Wednesday, December 9, 2009

Day 5 - Mount Barmore

As a person who has spent his fair share of time holding down a bar stool, it should come as no surprise that I’ve met a lot of bartenders in my day. I’ve run across a lot of cool bartenders, a ton of forgettable ones, a few dicks, and thus far only one that had the audacity to kick me out. Today, to keep 7 for 7 alive, I’ll celebrate the best of the best, my own personal Mount Barmore.

First off, I’ll name some honorable mentions: Travis at Louise’s. Al at Holiday Club, Jon at Holiday Club, the fat door guy at Spy Club, the guy at Polly’s Kettle House who lets me bring in outside drinks, Katura at Holiday Club, Lavinia at Stonehenge, the hot bartender that I fell in love with at my hotel bar in Copenhagen, Joe at JJ’s Cathedral, Aja at Danny Rock, Marcus at Louise’s, Oojoo at Dragon, Tora at Dragon, Lime at Suyu Dragon, Judy at No Block, Tony at No Block, Carlos on the S.S. Oceanic, Suzie at Mothers, Chris at V, Karen at V, Dana at the Replay Lounge, Haya at Metropolis, Jick at Metropolis, and every airport bartender the world over. You are all testaments to your craft.

Next, I will name the super near-misses, who certainly would make the mountain if more than four spots were available:

Rawb at the Replay, Lawrence, KS - Rawb’s overall rockstarness in all things needs no introduction, his reputation certainly precedes him. Really the only reason he misses the cut is that he works, I dunno, like 3 hours a week, so he’s never around.

Jaime, Duffy’s, Lawrence, KS - Jaime was both really hot, and the only bartender I ever successfully picked up, so she has to make this list.

Andy, Metropolis, Seoul - I just haven’t known him long enough, but he’s a cool cat.

Mean, Noblock, Seoul - It was tough to not include Mean in the top group, his presence at the bar always raises things up a notch.

Myself, Tropicana Field, St Petersburg, FL and No Block, Seoul - Why not? I’m always good about hooking myself up with free drinks.

Inga, JJ’s Cathedral Irish Pub, Florence, Italy. I really hate to leave Inga out. If Rushmore had 5 heads, she would be in. Really everything one would want in a bartender - friendly, beautiful, smart, Lithuanian, liberal on a pour, and the only bartender I’ve ever met that actually refused a tip here and there.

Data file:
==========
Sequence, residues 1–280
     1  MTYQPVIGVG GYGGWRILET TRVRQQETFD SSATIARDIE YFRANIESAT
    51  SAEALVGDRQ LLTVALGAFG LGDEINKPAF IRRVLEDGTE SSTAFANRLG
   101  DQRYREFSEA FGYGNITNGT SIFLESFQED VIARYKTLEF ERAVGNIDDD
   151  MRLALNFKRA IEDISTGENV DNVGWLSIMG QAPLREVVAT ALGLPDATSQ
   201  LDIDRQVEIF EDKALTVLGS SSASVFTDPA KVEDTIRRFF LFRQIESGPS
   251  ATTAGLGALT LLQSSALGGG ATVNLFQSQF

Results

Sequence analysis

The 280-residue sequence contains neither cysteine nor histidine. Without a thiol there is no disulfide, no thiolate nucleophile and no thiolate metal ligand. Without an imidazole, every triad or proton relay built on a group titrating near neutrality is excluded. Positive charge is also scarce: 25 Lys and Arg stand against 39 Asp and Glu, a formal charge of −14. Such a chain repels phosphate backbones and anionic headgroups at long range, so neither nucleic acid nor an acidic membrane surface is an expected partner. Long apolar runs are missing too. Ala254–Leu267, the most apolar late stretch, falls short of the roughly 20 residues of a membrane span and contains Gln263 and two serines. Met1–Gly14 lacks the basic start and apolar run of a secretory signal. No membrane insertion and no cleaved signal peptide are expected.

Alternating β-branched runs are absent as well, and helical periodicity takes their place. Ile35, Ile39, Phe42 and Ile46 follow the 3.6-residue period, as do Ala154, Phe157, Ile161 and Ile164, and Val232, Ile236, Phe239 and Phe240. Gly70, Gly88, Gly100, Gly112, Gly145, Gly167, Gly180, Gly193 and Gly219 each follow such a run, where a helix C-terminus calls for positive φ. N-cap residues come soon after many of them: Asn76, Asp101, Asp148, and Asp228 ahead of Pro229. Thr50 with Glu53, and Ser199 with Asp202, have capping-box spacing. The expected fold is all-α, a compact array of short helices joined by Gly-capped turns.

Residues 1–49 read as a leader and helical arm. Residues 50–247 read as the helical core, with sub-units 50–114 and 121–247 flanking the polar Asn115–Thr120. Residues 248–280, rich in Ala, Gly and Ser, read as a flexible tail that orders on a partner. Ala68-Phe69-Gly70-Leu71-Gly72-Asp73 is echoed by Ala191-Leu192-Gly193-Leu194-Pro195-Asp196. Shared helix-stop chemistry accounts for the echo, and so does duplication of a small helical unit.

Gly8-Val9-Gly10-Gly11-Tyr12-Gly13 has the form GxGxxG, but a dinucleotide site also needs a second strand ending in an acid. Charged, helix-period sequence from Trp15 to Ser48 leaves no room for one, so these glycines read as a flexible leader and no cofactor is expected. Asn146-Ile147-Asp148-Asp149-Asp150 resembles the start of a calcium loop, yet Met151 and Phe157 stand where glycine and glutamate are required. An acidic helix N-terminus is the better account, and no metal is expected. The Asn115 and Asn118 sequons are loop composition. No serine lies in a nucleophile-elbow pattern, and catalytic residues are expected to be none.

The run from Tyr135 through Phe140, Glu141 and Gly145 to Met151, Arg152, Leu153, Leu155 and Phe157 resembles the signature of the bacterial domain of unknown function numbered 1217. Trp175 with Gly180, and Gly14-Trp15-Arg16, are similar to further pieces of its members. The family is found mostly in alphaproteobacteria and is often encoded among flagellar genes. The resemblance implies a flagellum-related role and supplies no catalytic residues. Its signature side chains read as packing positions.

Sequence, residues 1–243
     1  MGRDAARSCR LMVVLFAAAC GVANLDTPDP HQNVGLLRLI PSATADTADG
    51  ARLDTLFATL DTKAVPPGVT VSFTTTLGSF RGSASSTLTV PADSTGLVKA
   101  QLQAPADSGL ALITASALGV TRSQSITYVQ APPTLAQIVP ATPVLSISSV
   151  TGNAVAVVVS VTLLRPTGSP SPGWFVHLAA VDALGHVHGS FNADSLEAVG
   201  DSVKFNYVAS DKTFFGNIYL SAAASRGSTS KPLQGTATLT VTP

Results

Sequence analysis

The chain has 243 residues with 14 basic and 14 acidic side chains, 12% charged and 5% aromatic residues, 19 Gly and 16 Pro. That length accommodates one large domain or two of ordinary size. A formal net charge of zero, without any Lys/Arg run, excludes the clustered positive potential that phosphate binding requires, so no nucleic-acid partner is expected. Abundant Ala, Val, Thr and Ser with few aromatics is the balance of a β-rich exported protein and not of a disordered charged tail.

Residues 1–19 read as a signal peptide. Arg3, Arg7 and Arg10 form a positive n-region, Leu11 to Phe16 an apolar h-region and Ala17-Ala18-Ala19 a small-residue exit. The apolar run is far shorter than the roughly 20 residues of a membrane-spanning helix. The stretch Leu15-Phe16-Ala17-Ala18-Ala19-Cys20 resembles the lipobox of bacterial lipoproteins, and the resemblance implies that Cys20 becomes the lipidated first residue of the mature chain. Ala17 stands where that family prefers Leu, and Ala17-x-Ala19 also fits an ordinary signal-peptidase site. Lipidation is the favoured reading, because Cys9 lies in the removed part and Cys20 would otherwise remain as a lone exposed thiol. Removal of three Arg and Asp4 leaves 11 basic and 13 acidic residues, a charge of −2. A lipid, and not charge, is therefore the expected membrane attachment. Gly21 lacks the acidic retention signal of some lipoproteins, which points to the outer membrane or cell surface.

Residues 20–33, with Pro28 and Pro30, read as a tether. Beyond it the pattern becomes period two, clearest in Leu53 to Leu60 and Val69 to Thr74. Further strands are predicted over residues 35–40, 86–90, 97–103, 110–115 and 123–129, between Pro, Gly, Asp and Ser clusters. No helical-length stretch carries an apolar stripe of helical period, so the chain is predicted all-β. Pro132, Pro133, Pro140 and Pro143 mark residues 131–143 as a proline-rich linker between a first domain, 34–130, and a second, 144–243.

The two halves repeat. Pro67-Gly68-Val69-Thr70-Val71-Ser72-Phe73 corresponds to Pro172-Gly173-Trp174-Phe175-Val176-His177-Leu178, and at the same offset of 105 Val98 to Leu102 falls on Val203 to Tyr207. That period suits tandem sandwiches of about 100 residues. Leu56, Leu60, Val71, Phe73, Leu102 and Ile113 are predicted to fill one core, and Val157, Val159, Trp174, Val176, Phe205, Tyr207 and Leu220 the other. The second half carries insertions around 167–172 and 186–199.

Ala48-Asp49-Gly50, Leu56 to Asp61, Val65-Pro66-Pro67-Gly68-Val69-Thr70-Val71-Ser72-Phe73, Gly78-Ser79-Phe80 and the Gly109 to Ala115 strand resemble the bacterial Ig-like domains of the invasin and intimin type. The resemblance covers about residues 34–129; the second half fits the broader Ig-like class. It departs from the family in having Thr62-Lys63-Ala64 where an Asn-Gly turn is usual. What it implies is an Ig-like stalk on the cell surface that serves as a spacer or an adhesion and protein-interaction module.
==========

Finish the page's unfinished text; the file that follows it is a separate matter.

Anyway, on to the point: naming Mount Barmore:

Olivier, Autry, Dave, and Rain. That’s the order of faces on the “mountain” (and thanks to David Canter for the shoop. The poorness in quality regarding the pictures is entirely my fault, these were the only photos of these guys that I had), and it also happens to be the order that I met them.

Olivier is the manager/owner of L’Arambar, a small bar on a backstreet of the 11th arrondissement in Paris. I met Olivier and became a regular of his bar in 1999, when I was studying abroad in Paris. L’Arambar was down the street from Hotel du Monde, the 1 star joint that our study abroad group was living in. Our neighborhood was extremely French and well off the tourist track, so most restaurants and bars were not used to dealing with Americans, particularly drunken 21-year-old Americans and a drunken 34-year old Cree. Cree and I discovered the bar on our third night in town. Olivier welcomed us in, and even spoke a bit of English (rare in this far-flung corner of Paris in those days.) and before long half the group hung out there regularly. I was there every night, and in fact I was often there two or three times a day to study over coffee (and maybe a little wine) during the afternoon. Even on big nights out in hipper enclaves of the city, we still generally ended up at L’Arambar for a nightcap.

We didn’t keep going back simply because of logistics. Yes, the bar was a two minute walk from home, but there were several similar-sized bars along the Rue de la Folie-Mericourt. We kept going back because of Olivier. Olivier did all he could to help us out. He helped us learn a little French (in fact, for a time, he refused to take my drink order unless I used French, but I think he got tired of that because my accent was so horrific) and introduced us to a number of French liqueurs. Of course, we did well for him too. Early in our 6 week stay in Paris, he told me that he planned to sell the bar and move to Spain in five years. Shortly before we left Paris, he told me he was now planning on doing it in three years. Looks like our study abroad group provided two years worth of profits in a little over a month.

Autry was a bartender at Louise’s in downtown Lawrence, but he no longer works there. I most likely met him in the year 2000, and I have been a Louise’s regular ever since (obviously only when I’m in town post-2002). I feel a bit self-conscious throwing out glowing platitudes here, as Autry is by far the most likely of these four to actually read this. Plus, as he no longer works at Louise’s, I can’t even get any free drinks out of it. Anyway, I’ll say this - in an overeducated college town like Lawrence, Autry is always the smartest (if not the most overeducated) guy in the room.